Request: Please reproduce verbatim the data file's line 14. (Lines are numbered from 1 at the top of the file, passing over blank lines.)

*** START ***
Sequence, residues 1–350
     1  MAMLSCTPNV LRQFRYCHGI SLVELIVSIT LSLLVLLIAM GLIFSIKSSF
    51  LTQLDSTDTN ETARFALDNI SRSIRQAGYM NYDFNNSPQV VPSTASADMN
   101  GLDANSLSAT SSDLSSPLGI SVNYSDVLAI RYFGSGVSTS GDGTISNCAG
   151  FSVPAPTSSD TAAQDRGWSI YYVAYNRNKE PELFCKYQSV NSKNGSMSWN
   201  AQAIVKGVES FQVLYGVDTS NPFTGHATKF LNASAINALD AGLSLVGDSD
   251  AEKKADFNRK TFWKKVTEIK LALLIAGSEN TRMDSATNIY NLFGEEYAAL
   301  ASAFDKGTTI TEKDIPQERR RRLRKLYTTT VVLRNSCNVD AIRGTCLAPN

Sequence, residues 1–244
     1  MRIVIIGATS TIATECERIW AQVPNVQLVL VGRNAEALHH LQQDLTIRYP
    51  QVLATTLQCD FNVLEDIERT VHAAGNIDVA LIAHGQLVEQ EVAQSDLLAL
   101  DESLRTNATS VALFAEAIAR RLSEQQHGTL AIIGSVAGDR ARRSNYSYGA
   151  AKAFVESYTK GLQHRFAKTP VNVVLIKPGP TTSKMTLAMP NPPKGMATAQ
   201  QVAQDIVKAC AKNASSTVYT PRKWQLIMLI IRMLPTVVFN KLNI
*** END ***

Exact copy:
   201  QVAQDIVKAC AKNASSTVYT PRKWQLIMLI IRMLPTVVFN KLNI